I was having a conversation recently with an old friend who is deeply committed to a spiritual practice intended to release us from the vicious cycle of ego and our addiction to the material world. I was sharing about Serene Ambition and my commitment to do what I can to encourage our generation to ‘make a difference’ and leave the world in better shape than we found it—to leave a legacy of possibility to those who come behind us.
My friend pointed out that this is a terrific focus for service and expression of love for human beings and our world. However, she pointed out, take care that you aren’t trying to leave a legacy to satisfy some ego-centered ideal. This reminded me of all the times I would do the right thing for the wrong reasons and, in doing so, deny myself the kind of deep and profound satisfaction that comes when we do something from the ‘core’ of our Being and unconditional love.
Part of me says, it doesn’t matter what our motivation is if we are having a positive impact on the planet and those around us. Does it matter if someone is recycling whether they are doing so to impress the neighbors? Does it matter why we want to feed the hungry, overcome corruption or promote social justice? Does it matter why we want to leave a legacy to the next generations as long as we leave one?
I think the answer is “Yes”—it does matter. It matters because where we are coming from has more to do with ‘reality’ than what we are doing. This is a difficult idea to grasp. Our actions are always a function of how we observe our world—how the world ‘occurs’ for us. If we observe the world to be a problem, we will try to ‘solve’ it by one means or another, but in doing so will reinforce the underlying structures of interpretation (the paradigm) that has it be a problem. In effect, we get what we resist and reduce our well-intentioned efforts to leave a legacy to being a ‘gesture’—it doesn’t make a difference.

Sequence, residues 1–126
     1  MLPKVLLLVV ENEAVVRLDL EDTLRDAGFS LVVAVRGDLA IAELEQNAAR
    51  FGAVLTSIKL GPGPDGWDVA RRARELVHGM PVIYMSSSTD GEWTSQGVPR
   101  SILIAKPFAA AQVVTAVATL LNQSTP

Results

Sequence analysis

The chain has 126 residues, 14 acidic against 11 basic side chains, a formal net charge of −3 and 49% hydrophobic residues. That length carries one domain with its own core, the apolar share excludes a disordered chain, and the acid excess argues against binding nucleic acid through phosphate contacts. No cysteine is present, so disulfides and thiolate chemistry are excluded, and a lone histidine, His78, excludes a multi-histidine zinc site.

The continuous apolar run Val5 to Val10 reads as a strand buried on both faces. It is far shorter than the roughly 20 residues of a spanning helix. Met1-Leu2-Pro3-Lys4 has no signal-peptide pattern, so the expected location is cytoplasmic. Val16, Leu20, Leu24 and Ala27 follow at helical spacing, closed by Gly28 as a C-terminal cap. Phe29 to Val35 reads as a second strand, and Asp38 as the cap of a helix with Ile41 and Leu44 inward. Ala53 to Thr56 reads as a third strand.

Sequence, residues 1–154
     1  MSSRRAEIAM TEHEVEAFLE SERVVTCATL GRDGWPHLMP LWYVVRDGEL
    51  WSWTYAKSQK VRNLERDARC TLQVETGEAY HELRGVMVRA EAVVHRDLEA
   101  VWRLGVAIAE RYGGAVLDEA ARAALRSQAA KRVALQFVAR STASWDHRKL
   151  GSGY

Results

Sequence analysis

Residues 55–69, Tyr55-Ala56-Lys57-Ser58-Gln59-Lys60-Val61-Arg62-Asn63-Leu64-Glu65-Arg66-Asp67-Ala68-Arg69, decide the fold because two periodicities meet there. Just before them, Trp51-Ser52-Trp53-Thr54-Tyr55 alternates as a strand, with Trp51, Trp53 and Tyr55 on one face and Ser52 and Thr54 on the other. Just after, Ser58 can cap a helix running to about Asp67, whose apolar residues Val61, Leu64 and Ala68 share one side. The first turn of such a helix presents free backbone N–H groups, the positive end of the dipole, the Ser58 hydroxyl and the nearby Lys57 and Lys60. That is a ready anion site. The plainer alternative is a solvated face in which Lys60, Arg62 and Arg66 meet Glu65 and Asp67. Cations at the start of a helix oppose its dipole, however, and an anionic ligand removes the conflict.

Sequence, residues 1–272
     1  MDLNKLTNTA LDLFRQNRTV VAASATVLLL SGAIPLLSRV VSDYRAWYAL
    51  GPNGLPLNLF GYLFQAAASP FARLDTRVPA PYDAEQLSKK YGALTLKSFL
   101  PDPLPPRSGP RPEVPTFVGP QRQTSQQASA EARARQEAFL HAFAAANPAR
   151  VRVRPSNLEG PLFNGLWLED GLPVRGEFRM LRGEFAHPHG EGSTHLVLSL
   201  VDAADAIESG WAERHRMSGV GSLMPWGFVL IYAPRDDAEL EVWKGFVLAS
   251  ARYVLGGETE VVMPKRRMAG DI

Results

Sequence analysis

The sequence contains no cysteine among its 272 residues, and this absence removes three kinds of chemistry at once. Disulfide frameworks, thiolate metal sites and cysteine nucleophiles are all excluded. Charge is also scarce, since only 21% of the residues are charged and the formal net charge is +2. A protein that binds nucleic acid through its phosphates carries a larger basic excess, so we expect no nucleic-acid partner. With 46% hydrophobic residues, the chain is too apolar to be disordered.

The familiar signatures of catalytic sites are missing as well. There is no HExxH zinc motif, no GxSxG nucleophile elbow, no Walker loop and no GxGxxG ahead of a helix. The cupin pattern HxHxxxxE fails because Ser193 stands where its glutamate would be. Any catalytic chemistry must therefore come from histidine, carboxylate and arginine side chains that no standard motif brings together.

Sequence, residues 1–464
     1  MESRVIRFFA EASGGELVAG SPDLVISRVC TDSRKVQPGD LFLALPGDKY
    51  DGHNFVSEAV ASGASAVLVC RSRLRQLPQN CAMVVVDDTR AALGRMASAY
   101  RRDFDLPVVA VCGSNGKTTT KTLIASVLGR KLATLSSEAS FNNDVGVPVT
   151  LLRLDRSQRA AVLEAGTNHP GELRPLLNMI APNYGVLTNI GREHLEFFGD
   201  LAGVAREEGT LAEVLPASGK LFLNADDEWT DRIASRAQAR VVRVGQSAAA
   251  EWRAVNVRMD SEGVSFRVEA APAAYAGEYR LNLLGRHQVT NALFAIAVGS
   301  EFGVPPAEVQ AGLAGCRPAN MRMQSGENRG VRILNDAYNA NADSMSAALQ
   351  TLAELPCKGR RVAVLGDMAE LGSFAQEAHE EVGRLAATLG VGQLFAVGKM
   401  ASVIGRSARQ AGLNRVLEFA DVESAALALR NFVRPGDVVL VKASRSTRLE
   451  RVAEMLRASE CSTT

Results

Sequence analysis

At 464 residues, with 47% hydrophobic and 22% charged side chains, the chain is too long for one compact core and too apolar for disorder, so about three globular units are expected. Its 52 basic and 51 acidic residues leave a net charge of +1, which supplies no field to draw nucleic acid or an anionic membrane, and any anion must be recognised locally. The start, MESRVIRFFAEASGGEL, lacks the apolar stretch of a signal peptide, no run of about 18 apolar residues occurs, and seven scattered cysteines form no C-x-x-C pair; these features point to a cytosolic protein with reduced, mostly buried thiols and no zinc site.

Eldering is about sharing our experience and ourselves with younger generations so that they can find their own wisdom and be empowered to deal with whatever they are facing in the coming decades. Legacy isn’t about leaving ‘our’ mark. It is about leaving a mark. Perhaps no one will ever know what that mark is or remember who made the contribution, but it will make a difference if it is an expression of selfless commitment and service to others. As with any legacy, we will not be around to know what happened. If we are too focused on leaving a legacy before we die, then that is just ego holding onto our very temporary identity.
The good news is that a lot of people (of all ages) are already contributing from this place—with awareness and a willingness to not let ego drive their actions. They contribute knowing that everything and everyone makes a difference, and they do not need to be recognized as the originator of an idea, the leader of an institution, or the creator of a new technology before they die. They simply give of themselves as an expression of who they are. They are unconcerned whether the difference they make ‘leaves a mark’ or not. And they leave the people they share ‘the best of themselves’ with to freely choose whether, when and how to use what they have been given.
The future is a story not yet written, and we all contribute to it—each in our way. Perhaps the one legacy we can all leave is a willingness to let go of our ego and simply love one another and ourselves as we are—for we have no control over whatever else may be ‘left behind’ after we’re gone.